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Notre Dame’s La Rôtisserie serves up a divine dinner fit for the Pope

16 December, 201116 December, 2011 0 comments Uncategorized Uncategorized
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Jerusalem, a city of 1,001 mysteries, can thank Cuban dictator Fidel Castro for one of its contemporary secrets - chef Rodrigo Gonzales-Elias, the dynamo behind the ovens and grills at La Rôtisserie. The charmingly intimate 80-seat gourmet restaurant is located in the basement level of Notre Dame, the Christian guest house complex that is owned by the Vatican and operated by the Legionairies of Christ on Paratroopers Road. The site is officially known as the Pontifical Institute Notre Dame of Jerusalem Center. It's a key location in the Holy City, demarcating the line where from 1948 to 1967 Jordanian and Israeli troops faced off behind barbed wire and minefields in the divided metropolis, where today east and west, and Old City and New City meet.

 

Notre Dame for Christmas

The facade of Notre Dame Guest House  Photo credit: Gil Zohar for Travelujah

 

 

Born in Levittown, Pennsylvania in 1964 to a family of Cuban exiles, Gonzales-Elias's family ended up immigrating to Spain. There he trained as a mechanical engineer working in Spanish nuclear power plants. On weekends he would indulge his passion for gastronomy. Finally he abandoned the world of isotopes for that of infusion, settling at Madrid's legendary Real Café Bernabeu where he served as head chef. Three years ago he was invited to take over La Rôtisserie, where he has created a cuisine that mixes the polyglot flavors of Cuba, Spain and France with a dash of the Levant.

 

Chef Gonzales-Elias Notre Dame

Chef Gonzales-Elias at La Rotisserie, Photo credit; Gil Zohar for Travelujah

 

For Christmas, Gonzales-Elias has concocted a seven-course banquet that is divine. How else can one describe an establishment where Pope Benedict dined when he came on pilgrimage three years ago?

 

The prix fixe menu cost $110 per person with wine, or $10 less without vino. But a day without wine, or a delicious repast without merlot or chardonnay, is like a day without sunshine.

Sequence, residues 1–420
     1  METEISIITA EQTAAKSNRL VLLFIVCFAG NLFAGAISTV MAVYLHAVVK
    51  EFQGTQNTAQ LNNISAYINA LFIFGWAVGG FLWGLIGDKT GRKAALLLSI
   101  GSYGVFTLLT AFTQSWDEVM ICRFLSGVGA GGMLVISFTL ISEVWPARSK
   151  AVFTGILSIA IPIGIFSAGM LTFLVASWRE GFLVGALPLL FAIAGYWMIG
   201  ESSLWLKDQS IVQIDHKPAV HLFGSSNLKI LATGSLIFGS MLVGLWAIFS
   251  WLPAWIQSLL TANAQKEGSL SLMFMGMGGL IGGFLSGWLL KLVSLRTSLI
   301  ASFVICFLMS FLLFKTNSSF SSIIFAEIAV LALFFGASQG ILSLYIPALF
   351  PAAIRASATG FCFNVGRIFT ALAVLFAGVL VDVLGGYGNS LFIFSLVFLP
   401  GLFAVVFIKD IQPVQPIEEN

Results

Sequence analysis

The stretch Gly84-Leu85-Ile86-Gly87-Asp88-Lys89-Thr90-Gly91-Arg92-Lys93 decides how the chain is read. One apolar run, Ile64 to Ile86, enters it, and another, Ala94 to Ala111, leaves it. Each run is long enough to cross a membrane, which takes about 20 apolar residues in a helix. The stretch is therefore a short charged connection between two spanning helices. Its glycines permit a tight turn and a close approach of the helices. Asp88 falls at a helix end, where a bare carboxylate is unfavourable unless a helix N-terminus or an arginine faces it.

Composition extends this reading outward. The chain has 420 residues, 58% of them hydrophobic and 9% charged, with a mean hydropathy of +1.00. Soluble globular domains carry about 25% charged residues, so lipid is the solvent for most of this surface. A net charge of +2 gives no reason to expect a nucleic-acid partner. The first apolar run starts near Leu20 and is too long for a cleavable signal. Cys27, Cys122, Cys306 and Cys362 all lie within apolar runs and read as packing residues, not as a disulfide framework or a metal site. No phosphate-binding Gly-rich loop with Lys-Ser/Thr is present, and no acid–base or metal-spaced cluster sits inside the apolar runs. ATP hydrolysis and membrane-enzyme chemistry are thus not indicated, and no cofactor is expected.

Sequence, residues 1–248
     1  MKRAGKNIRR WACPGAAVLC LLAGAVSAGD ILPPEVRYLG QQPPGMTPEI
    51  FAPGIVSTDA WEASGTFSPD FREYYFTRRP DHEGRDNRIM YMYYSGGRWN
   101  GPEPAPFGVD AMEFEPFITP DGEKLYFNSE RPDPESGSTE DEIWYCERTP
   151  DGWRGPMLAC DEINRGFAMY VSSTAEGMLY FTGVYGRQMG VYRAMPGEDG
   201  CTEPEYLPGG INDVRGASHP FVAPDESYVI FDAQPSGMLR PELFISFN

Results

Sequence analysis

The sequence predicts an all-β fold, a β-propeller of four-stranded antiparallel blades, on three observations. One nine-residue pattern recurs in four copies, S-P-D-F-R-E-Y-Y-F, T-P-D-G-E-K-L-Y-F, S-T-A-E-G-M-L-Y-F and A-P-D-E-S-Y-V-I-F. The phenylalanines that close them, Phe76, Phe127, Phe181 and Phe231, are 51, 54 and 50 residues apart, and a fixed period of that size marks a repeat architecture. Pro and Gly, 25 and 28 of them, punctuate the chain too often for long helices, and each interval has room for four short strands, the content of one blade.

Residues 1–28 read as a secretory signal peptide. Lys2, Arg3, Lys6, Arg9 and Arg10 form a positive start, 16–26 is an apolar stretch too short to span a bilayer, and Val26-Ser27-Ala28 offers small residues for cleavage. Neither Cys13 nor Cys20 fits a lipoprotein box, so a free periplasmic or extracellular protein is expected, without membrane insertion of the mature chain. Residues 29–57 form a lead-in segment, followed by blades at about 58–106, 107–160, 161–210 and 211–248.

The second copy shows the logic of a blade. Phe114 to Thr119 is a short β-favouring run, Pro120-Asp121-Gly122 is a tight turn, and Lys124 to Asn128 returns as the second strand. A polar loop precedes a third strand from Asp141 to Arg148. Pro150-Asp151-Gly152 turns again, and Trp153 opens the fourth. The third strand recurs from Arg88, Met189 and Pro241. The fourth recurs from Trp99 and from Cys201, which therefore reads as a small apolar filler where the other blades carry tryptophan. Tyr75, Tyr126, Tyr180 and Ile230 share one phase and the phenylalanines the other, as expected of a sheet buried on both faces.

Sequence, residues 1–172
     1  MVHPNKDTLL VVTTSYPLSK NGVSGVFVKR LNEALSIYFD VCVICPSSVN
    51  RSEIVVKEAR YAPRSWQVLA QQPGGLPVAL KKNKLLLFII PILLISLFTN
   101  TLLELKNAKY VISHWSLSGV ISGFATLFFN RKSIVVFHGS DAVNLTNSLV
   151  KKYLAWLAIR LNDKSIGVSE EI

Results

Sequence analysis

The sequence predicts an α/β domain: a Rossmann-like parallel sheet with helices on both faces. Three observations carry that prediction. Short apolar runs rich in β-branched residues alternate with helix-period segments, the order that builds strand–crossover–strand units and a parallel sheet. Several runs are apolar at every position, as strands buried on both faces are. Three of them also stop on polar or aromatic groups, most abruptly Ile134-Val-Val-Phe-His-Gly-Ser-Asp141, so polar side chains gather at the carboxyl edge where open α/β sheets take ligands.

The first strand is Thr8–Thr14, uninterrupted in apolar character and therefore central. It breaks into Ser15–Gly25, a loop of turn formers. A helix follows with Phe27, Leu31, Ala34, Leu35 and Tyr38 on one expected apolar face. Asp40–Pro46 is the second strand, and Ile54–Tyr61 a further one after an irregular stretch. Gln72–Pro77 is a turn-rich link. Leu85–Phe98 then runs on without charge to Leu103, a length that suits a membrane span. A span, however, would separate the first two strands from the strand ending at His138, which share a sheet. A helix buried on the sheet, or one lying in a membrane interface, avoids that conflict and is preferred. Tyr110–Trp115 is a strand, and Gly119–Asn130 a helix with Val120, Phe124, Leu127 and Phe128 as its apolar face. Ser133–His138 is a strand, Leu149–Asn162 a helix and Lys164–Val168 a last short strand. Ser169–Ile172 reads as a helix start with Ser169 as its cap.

Our dinner began with an anchovy hors d'œuvre, delicately filleted to reveal its full flavor. This was followed by a fruit de mer cocktail of shrimps, mussels and clams laid out in a scooped out half pineapple.

 

Shrimps at Notre Dame

 

By now it was clear this wasn't going to be a typical plastic cutlery and formica table Jerusalem dining experience.

 

Our ever-attentive waiter, filling up our wine glasses as if the Messiah's Second Coming depended on it, deftly replaced our cutlery between courses. The next delight was a scallop wrapped in bacon and served with caramelized sauteed onions.

 

Magnifico !

 

But Gonzalez-Elias was apprehensive. "Some of the dishes we just invented last week," he confessed. "How will the market react ? You never know."


Watching Gonzalez-Elias concoct his magic in the kitchen theatrically situated in the heart of the restaurant, we were next surprised by a delicacy of vegetable mille feuille au gratin consisting of eggplant, tomato and basil cheese.

 

My wife at this point protested that she couldn't eat any more. But three more delicious courses lay ahead.

 

The halibut pastry came garnished with raisins and grapes. The pastry shell was decorated with a Christmas tree.

 

Oy tannenbaum!

 

This was followed by the entrée of duck breast stuffed with prawns and champignon mushrooms, and drizzled with a prune and blueberry marmalade.

 


And finally to clear the palate our waiter delivered a mojito-like lemon sherbet. If Pope Benedict were here, he would no doubt find it infallible.

 

While the cuisine at La Rôtisserie is divine, the restaurant itself has some structural problems. How does one resolve the conflict between a gourmet eatery and a non-for-profit pilgrimage establishment? Presumably the lack of signage is related to this administrative detail.

 

Which is a shame. La Rôtisserie offers fine dining at price which is competitive with the finest of Jerusalem's gourmet restaurants - whether for Christmas or any other season.

 

The writer was a guest of the restaurant.

 

La Rotisserie
Not kosher
3 Paratroopers' Road, Jerusalem
Open daily for dinner from 6:30 p.m. - 11 p.m.
Friday and Saturday open for lunch from 12:30 p.m. - 4 p.m.

For Reservations -Tel: 02 6279114
larotisserierestaurant@gmail.com

Sidebar:

Notre Dame is offering a special 7-course Christmas dinner at a prix fix menu for $120 per person. Call for reservations.

The restaurant will be closed on Christmas Day.

 

 

Gil Zohar is a frequent contributor to Travelujah and a licensed Israeli tour guide.

 

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